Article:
The public face of tailoring is the thirty minutes that client and cutter spend together once or twice for each jacket or suit order. The rest of the year may be mostly introvert's work, but part of the cost of bespoke clothing is the measurement and fitting time, when the external face of the tailoring firm has the job of imparting confidence that the client will be getting the professional outcome he's paying for.
A couple weeks on the road twice a year is hard work for travelling tailors. They tend to move about in pairs consisting of a cutter and a sales person or an assistant, which provides companionship for dinner as well as help with the cases of cloth samples and the hundred or more works in progress that must be negotiated through Customs and then carried from city to city.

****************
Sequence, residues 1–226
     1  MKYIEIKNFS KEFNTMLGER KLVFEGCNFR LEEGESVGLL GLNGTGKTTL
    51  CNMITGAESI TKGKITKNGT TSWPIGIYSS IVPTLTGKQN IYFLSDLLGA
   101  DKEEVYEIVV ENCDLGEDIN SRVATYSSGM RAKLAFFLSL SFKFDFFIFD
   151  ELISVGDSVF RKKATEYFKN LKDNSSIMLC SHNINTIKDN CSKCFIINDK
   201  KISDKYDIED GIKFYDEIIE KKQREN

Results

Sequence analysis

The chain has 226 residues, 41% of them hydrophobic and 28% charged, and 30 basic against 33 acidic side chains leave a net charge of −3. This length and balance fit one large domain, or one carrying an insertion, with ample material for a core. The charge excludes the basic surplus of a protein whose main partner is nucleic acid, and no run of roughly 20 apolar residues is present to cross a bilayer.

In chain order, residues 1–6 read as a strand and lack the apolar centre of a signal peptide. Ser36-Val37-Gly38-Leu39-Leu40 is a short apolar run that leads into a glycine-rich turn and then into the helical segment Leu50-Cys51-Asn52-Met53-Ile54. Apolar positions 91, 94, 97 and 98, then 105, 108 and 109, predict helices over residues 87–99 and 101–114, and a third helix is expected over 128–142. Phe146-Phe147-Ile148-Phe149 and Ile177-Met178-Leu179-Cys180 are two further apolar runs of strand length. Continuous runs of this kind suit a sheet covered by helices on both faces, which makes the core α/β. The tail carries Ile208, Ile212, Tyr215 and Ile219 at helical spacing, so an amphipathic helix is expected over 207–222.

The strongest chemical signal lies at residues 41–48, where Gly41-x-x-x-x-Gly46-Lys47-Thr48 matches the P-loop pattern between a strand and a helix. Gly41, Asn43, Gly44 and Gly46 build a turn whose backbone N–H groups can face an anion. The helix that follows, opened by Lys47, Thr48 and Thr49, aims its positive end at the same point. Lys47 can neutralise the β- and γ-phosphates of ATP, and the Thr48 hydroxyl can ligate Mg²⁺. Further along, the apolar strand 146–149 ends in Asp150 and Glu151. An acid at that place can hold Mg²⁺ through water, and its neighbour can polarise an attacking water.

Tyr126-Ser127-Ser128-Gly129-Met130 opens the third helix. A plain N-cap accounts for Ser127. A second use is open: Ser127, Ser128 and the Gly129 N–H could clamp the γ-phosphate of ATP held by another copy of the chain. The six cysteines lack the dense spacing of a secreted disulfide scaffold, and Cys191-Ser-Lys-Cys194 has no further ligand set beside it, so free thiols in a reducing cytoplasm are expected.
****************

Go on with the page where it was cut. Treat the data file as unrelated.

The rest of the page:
The lifeline for the firm is usually email these days. New orders are written up electronically and sent to the home office, where cloth and fittings can be ordered before the person who will prepare them for tailoring has had time to check the next stage of his itinerary.
For no sooner are the trunks unpacked than it is time to load everything up and head back to the airport.